Through repeated DH attempts, could Alice and Bob build a large random key for use as a one-time pad? My intuition is that this protocol would be as hard as breaking DH (discrete logarithm).

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    $\begingroup$ Not posting as an answer since I'm not 100% certain, but I'm pretty sure that DHE does not distribute evenly across the set underlying the group it is done over. In which case it would not be a valid random number generator. Stream ciphers are the common way to "build" a keystream that can be xor'd with the plaintext, but even assuming a perfect RNG for the seed their security becomes dependent on the security of CSPRNG they use to expand the keystream, so they are not "perfect" in the sense that a OTP is. $\endgroup$ – sju Nov 23 '14 at 15:18
  • $\begingroup$ You could run the exchange once and put the result in some CSPRNG, and use that for your stream cipher. DH is expensive. $\endgroup$ – rath Nov 23 '14 at 15:19
  • $\begingroup$ Samuel Judson, I am pretty sure DHE does in fact give you a key that is computationally indistinguishable from a uniformly random key (under the DDH assumption). So this scheme should work. However, as rath notes it would probably not be a very efficient scheme. $\endgroup$ – Guut Boy Nov 24 '14 at 9:18
  • $\begingroup$ @Guut Boy: when working modulus $p$, the $j$-th high bit of the outcome of DH key exchange has a bias, in the order of $2^{-j}$; so you need to ignore enough high bits (or use a post-processing like a hash) in order to get practical security even if you do not consider MiTM attacks. $\;$ And of course neither DH, nor the proposed system, is secure against MiTM attacks. $\;$ (Notice the use of @ so that you are notified of the comment). $\endgroup$ – fgrieu Nov 24 '14 at 10:11
  • $\begingroup$ @fgrieu really? Could you elaborate on the bias? (or point to explanation of it). My intuition says that the key should be computationally indistinguishable from random in the group we are working in (by the DDH assumption). Of course this will not be a random bit-string, instead you just do OTP in the particular group. $\endgroup$ – Guut Boy Nov 24 '14 at 11:10

Through repeated DH attempts, could Alice and Bob build a large random key for use as a one-time pad?

No, since that is not how a one time pad works. You can use your idea to create cryptographic material to encrypt plaintext using XOR, what you are describing is an asymmetric stream cipher of some sorts.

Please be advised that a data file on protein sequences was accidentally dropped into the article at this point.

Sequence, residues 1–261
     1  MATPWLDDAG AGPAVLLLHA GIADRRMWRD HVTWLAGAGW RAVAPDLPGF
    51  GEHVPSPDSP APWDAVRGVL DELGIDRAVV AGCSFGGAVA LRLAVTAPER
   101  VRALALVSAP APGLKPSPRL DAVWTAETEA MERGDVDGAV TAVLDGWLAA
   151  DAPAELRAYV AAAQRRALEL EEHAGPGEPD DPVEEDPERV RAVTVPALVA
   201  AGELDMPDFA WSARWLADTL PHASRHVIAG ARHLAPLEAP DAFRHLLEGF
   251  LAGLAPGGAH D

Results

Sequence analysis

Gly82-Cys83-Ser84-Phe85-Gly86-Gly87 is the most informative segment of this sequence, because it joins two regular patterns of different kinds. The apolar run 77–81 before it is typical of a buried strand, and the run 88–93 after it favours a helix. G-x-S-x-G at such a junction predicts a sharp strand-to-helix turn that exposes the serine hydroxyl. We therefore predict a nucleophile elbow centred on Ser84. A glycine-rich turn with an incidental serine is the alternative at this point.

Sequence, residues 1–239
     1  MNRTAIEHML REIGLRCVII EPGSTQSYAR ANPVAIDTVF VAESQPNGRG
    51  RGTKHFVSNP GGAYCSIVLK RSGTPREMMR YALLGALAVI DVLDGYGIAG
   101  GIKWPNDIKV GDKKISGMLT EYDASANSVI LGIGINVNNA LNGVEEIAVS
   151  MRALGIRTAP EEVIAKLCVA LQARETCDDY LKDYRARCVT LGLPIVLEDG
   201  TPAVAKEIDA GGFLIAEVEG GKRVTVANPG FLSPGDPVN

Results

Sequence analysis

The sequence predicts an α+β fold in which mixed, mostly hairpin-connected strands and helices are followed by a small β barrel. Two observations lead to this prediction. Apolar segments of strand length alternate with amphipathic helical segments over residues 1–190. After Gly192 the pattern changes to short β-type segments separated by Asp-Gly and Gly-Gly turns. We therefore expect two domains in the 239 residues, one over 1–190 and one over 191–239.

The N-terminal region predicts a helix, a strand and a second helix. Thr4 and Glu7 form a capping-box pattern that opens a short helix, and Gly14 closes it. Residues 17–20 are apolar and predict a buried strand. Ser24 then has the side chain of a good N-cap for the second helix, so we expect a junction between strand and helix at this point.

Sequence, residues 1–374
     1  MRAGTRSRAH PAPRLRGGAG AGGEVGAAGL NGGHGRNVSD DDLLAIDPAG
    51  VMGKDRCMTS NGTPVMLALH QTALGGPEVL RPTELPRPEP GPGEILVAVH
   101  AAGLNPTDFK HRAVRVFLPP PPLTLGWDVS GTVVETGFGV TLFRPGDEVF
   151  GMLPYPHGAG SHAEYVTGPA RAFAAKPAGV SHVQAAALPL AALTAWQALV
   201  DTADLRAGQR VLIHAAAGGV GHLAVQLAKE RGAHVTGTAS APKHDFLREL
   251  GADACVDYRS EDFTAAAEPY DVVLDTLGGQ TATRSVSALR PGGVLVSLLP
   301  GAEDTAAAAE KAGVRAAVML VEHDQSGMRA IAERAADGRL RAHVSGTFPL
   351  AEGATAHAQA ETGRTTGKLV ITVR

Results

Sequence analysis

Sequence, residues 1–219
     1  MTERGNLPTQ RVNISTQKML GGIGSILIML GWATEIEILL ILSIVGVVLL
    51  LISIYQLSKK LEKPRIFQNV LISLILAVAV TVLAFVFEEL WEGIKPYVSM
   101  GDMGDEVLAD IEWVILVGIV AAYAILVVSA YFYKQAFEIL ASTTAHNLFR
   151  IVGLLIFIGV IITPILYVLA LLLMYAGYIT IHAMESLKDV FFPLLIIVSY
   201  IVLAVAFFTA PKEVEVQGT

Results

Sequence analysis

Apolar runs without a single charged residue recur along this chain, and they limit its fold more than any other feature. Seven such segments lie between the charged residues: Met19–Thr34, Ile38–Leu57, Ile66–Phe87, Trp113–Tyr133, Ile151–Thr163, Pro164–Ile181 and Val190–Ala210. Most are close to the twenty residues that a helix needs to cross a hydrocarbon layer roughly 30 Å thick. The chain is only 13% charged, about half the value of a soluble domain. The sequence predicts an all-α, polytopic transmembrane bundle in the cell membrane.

A one time pad requires an "offline" exchange of key material. A one time pad when used properly is unbreakable, whereas a DH exchange can be broken or potentially maliciously interfered with. Using this idea may potentially expose a weakness in the PRNG used to generate the private keys, but that same problem is applicable to whatever is generating a true OTP. I this case however, the public key exchange may expose this weakness much earlier than an offline key exchange, as no ciphertext would be needed.

This idea may be significantly faster than an offline key exchange, but that depends on how much key material needs to be created. In your example, the shared secret would generally be passed through a hash function to distribute entropy more evenly over the bits, or possibly reduce the size of the shared secret so the entropy per bit is higher.

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  • $\begingroup$ I do not think it is correct to say that you could not do this. It is true that you would not get an encryption scheme that is as secure as OTP. However, that is not what is asked. The question explicitly says that the security would be that of the key exchange protocol, which is correct. $\endgroup$ – Guut Boy Nov 24 '14 at 8:44
  • $\begingroup$ I tried to say you would not be generating a one time pad, not that it could not be done. I thought that was clear, but I will edit my answer to make it more so $\endgroup$ – Richie Frame Nov 24 '14 at 9:18
  • $\begingroup$ @Guut Boy: The question states "protocol would be as hard as breaking DH (discrete logarithm)", which is wrong even if we ignore the minor issue that breaking the DH problem might be easier than breaking the discrete logarithm problem. The issue is that reference to "discrete logarithm" makes it clear "DH" means the DH problem, not the DH protocol (because there is no discrete logarithm protocol). And the proposed protocol (as well as the DH protocol) is trivially broken by MiTM, when the DH problem is not. $\endgroup$ – fgrieu Nov 24 '14 at 10:34
  • $\begingroup$ OTP does not necessarily require an offline key exchange. $\endgroup$ – mikeazo Nov 24 '14 at 12:18
  • $\begingroup$ @mikeazo not 100% sure, but would that not require an optical quantum key exchange system to be secure? $\endgroup$ – Richie Frame Nov 24 '14 at 20:12

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